In the wake of these revelations, Congress created committees in both the House and the Senate to oversee the intelligence agencies. It also required that a presidential “finding” be issued and the two committees be informed before the CIA launched a covert operation.
With these institutional changes, congressional leaders felt they had finally put the brakes on the CIA. But as events over past decades have shown, these reforms ultimately failed.
One reason is that presidents find the CIA a tempting secret foreign policy tool — easier than sending in troops in a crisis.
Church famously termed the CIA a “rogue elephant,” which infuriated the agency’s defenders.¬† Today, as the current dispute demonstrates, there is a rogue elephant in the room.
The battle erupted on the Senate floor on Tuesday when Senator Diane Feinstein (D-Calif.), the intelligence panel’s chairwoman and normally a staunch CIA defender, denounced it for allegedly spying on committee investigators and violating the constitutional separation of powers.¬† It was¬†an extraordinary display of fireworks.
But the heart of this dispute reaches back again to the Bush years, because in December 2012 the Senate committee completed work on a massive, 6,300-page study of the CIA’s interrogation and rendition programs. A team of committee investigators spent four years in the basement of a building near CIA’s Virginia headquarters, examining thousands of CIA documents that the agency made available on a special computer network.
But then the CIA classified the Senate report. Despite repeated efforts, Senators have been unable to get a declassified version, or even a summary, made public.
The report is said to be extremely critical of the CIA, claiming that the agency misled Congress, the White House and the public about its interrogation program. The report is also questioning whether the harsh techniques used, including waterboarding, had resulted in any useful information. Meanwhile, last June, Obama‚Äôs new CIA director, John Brennan, responded with a more than 100-page report disputing the still-secret Senate study.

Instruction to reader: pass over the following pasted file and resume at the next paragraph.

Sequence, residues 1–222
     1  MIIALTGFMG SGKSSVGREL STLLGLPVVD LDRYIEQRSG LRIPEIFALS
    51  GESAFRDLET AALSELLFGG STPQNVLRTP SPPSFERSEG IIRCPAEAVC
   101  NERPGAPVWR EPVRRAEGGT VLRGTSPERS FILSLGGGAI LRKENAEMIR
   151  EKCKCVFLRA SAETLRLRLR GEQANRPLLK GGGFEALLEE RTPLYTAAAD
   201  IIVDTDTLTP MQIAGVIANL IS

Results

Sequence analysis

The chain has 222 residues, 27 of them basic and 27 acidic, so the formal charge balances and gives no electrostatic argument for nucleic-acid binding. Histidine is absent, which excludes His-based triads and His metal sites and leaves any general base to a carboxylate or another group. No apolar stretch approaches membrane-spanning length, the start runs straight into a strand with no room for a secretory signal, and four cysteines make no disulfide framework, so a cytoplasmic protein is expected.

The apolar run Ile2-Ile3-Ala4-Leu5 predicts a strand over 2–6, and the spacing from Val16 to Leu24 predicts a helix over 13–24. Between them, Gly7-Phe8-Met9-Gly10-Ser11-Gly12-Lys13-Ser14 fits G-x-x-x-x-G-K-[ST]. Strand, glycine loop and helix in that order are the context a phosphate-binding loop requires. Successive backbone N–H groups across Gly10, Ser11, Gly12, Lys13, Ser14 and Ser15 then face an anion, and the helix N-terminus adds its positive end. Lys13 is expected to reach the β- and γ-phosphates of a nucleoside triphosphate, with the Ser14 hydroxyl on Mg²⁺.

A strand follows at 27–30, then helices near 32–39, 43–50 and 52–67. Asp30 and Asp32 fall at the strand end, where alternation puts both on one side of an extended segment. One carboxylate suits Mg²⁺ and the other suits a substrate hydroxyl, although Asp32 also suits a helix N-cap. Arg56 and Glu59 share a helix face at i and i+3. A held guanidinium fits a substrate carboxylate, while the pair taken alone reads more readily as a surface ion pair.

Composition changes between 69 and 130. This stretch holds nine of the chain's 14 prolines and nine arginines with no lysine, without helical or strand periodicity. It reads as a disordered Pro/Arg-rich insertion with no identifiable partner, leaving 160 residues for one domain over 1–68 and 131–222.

But — and here the spy plot thickens– the Senate investigators in that basement had discovered an internal CIA study that appeared to agree with many of the Senate report‚Äôs critical findings. Senator Mark Udall (D-Colo.) said the internal study¬†“conflicts” with Brennan’s rebuttal.
CIA officials suspected that the Senate investigators had obtained unauthorized access to the internal study, and yanked the documents from the ¬†basement computers. Feinstein said Tuesday that the CIA had not only searched the committee‚Äôs computers but had referred the matter ¬†to the Justice Department as a criminal case.
Meanwhile, Brennan, in¬†responding to Feinstein‚Äôs charges, said there had been no “tremendous” amount of CIA spying or hacking into the Senate investigators’ computers.
The subtext here is that a senior CIA official ordered the tapes of the interrogations to be destroyed in 2005. So the Senators cannot see for themselves just how bad it was.
The constitutional struggle for control continues between the CIA and the Senate. While the outcome remains uncertain, none of this should be entirely surprising in a democratic system that rests on separation of powers among the executive, congressional and judicial branches of the government.
That, after all, is how the framers of the Constitution designed it. But they didn‚Äôt know that the work of Congress could one day be ‚Äúclassified‚ÄĚ and kept secret from the public.
PHOTO (TOP): CIA Director John Brennan testifies before a Senate Intelligence Committee hearing on Capitol Hill in Washington, March 12, 2013. REUTERS/Kevin Lamarque
PHOTO (INSERT 1): Senate Intelligence Committee Chairwoman Dianne Feinstein (D-Calif.) talks to the media on Capitol Hill in Washington, November 16, 2012. REUTERS/Yuri Gripas
PHOTO (INSERT 2): The CIA logo in the intelligence agency’s office building in Langley, Virginia, REUTERS/Files.
PHOTO (INSERT 3): White House counterterrorism adviser John Brennan (R) listens as President Barack Obama (L) announces his nomination as the new CIA director at the White House in Washington, January 7, 2013. REUTERS/Jason Reed